Balsitis Contracting, a custom home builder, and Studio M Interiors collaborated on the annex.

“The home was designed to entertain for large gatherings while still keeping finishes comfortable for intimate settings,” says Kelly Shanahan, selections coordinator for Balsitis.


The kitchen has two islands; one for prepping and another for entertaining. Photo by Doug Edmunds

The kitchen has two spacious islands. One is a working island with an apron front sink, still offering plenty of space for family/friends to gather around and be seated. The second island is for entertaining and acts as an extra table or buffet for social gatherings. A scullery gives extra space for prepping.

The great room features exposed decorative trusses with custom-stained color and a see-through fireplace enjoyable from the great room and into the dining and kitchen area. Every room takes advantage of peaceful water views. Beautiful white oak premium select wood flooring throughout brings together all the rooms.


The lower level features a wet bar with a full kitchen. Photo by Doug Edmunds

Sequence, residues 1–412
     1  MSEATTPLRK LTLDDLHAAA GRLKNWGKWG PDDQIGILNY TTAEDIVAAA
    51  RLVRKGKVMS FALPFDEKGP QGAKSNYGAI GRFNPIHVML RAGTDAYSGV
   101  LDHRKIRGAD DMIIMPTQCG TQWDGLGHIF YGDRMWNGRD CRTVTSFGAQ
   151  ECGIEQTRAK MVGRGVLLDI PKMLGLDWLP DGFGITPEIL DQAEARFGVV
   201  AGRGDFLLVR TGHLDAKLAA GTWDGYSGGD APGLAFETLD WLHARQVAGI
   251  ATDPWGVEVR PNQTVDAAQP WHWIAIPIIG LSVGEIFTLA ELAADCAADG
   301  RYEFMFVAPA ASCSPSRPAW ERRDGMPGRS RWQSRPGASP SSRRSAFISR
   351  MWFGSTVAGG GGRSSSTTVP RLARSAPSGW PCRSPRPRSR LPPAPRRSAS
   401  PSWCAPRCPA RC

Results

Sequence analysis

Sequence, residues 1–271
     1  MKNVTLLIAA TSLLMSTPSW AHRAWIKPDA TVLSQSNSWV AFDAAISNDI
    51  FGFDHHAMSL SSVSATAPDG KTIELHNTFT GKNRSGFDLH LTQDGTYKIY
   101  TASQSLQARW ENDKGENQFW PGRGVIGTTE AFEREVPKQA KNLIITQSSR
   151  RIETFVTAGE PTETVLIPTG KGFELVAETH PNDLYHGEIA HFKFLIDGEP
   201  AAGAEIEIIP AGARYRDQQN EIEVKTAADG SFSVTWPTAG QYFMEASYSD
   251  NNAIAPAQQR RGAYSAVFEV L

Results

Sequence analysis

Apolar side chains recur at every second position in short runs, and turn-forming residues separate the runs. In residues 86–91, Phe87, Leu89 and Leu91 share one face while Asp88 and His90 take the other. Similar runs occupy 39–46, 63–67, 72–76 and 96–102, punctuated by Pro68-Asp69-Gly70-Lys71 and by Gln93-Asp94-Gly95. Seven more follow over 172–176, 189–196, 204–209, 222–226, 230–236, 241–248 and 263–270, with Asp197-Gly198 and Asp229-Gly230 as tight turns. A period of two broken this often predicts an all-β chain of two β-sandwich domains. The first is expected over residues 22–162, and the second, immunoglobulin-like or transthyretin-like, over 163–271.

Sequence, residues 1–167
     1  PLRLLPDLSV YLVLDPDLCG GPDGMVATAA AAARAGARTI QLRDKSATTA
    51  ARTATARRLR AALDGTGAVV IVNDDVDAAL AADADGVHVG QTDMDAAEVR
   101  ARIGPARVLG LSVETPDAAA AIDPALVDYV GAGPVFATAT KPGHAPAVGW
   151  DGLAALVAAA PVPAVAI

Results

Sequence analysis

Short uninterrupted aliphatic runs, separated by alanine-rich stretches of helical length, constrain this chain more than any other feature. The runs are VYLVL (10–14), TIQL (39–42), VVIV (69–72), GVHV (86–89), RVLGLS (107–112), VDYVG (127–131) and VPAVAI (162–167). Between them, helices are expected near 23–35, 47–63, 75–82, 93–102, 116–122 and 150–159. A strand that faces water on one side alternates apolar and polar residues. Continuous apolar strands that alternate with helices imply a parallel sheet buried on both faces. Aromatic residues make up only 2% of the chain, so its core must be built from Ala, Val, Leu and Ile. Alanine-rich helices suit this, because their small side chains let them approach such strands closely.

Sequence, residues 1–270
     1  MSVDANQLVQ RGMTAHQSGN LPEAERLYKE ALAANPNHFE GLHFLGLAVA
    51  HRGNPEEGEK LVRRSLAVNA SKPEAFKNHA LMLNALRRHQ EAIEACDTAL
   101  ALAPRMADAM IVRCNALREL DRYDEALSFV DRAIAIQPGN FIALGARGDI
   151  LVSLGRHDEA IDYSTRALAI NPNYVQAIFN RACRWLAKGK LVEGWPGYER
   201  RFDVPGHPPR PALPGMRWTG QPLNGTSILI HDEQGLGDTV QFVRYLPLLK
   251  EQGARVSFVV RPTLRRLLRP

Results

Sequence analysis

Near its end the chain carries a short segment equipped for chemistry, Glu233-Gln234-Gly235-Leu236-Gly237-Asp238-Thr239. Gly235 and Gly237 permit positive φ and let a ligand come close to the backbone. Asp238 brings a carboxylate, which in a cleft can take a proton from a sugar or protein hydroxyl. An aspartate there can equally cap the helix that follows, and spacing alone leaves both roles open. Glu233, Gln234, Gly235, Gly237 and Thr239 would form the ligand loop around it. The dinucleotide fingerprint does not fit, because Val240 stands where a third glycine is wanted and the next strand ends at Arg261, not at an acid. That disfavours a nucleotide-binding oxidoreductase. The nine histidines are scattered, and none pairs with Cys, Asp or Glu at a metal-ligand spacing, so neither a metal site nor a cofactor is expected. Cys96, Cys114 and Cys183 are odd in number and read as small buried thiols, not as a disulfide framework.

The lower level features a sport court. Photo by Doug Edmunds

The lower level offers the most stunning entertainment options of all, featuring a wet bar with a full kitchen, movie theater and a sport court. The kitchen area expands out to the outdoor living area that continues down to the lake.

“The homeowners are both graduates of UW-Madison, hence the décor of the home gym,” says Shanahan. “Both are passionate about fitness and the outdoors.”



The converted warehouse includes concrete pillars in the main living space. Photo by The Redmonds Architectural Marketing

Downtown Condo

Downtown Milwaukee’s many amenities have gained the attention of city life seekers far and wide, says Lisa Ashley, realtor and broker at Mahler Sotheby’s International Realty. A prime example is a condo on the market in the Third Ward.